Insight on the News - World
Posted July 8, 2003
Issue dated 7/22/03
Student Heroes Take on Mullahs
Posted July 9, 2003
By Kenneth R.
With the leaders of the latest round of student protests now in
jail, the freedom movement in Iran has taken up spray paint and
slogans to express its displeasure with the ruling clerics. "They
must go!" declares one popular slogan, painted on the wall of a
Tehran house. "Khatami the incompetent, accomplice of crime!"
announces another, referring to Iran's so-called "reformist"
president who recently ordered his police to crack down on the
Every night, as new slogans appear on the walls of Tehran, squads
of basijis (paramilitary Islamic volunteer forces) armed with paint
buckets roam the streets trying in vain to scrub the revolutionary
messages from the walls. But as this is written, the graffiti-busters
can't keep up with the young protesters. In the last few days,
slogans have proliferated that call on Tehran residents to come out
massively in the streets to commemorate the July 9, 1999, massacre of
student protesters. If people heed that call in large numbers, the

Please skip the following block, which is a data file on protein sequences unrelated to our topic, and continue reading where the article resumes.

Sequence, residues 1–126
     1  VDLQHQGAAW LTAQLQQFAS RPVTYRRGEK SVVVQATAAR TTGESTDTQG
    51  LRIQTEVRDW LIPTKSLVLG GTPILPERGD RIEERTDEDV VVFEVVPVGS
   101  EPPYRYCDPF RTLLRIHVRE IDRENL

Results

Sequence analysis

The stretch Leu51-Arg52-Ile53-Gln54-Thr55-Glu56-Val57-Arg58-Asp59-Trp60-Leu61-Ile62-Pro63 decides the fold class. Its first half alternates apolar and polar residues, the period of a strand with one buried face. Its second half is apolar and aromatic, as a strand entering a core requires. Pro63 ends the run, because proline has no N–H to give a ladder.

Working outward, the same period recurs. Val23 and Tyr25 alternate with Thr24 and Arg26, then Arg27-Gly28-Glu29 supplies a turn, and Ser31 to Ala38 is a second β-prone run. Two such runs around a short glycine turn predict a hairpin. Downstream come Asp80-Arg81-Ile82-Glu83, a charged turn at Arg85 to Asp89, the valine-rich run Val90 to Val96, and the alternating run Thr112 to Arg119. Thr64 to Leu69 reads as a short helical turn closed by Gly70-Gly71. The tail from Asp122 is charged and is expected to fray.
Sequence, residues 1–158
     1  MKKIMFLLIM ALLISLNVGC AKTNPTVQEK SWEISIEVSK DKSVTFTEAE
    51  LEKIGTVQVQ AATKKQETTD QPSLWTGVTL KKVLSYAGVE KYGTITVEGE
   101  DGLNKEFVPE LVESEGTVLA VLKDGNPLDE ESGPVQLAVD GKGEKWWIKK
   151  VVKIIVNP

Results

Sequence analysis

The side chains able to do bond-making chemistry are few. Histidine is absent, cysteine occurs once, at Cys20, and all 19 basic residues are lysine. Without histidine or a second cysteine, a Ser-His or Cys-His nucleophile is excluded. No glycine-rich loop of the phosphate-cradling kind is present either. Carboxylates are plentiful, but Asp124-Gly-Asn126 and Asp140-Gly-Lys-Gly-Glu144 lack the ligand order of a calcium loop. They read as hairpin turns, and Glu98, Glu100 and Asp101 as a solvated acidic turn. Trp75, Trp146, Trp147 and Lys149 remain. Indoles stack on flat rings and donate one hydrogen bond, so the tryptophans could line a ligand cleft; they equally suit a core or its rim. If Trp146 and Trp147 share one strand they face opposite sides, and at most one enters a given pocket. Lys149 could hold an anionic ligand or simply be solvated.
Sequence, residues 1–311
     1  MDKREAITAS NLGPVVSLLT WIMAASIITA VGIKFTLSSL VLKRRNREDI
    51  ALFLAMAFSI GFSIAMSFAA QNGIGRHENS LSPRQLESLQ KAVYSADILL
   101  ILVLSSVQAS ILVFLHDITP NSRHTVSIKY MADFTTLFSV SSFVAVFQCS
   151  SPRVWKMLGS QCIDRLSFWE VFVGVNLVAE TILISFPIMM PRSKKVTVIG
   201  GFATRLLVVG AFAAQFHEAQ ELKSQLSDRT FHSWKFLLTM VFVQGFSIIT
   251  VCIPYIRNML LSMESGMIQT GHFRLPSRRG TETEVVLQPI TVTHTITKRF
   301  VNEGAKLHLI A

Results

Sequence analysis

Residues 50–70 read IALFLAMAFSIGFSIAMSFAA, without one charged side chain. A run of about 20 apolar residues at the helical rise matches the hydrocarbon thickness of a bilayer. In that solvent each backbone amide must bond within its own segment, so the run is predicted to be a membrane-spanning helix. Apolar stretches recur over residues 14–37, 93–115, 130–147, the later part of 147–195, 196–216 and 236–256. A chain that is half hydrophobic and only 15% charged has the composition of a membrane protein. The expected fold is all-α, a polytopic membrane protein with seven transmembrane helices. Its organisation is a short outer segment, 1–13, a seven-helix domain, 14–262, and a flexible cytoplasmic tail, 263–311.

protests could spread across Iran. And if that occurs, all bets are
off as to what happens next.
Iran's clerics appear to realize that popular discontent with
their incompetent and repressive rule has reached a fever pitch and
has spread to all ages and sectors of the Iranian population.
Demonstrations that began on June 10, apparently as a local protest
by Tehran students against a government project to privatize the
universities, quickly spiraled out of control as pro-regime thugs
attacked the students with clubs, chains and automatic weapons.
From Los Angeles, Iranian exile broadcasters such as Shahram
Homayoun transformed their satellite-TV talk shows into a 24-hour
marathon of encouragement, urging Iranians to support the students
against the vigilantes by marching in the streets. "In a half-hour,
the streets leading to the campus were choked with people as if
everybody had spread the word," one of Homayoun's fans told the
Tehran correspondent for the French daily Le Figaro. "These TV
stations [beaming programs via satellite] from Los Angeles
have begun a real cultural revolution," she added.
The demonstrators called for greater democracy and freedom, and
chanted slogans against the clerical leaders, including "reformist"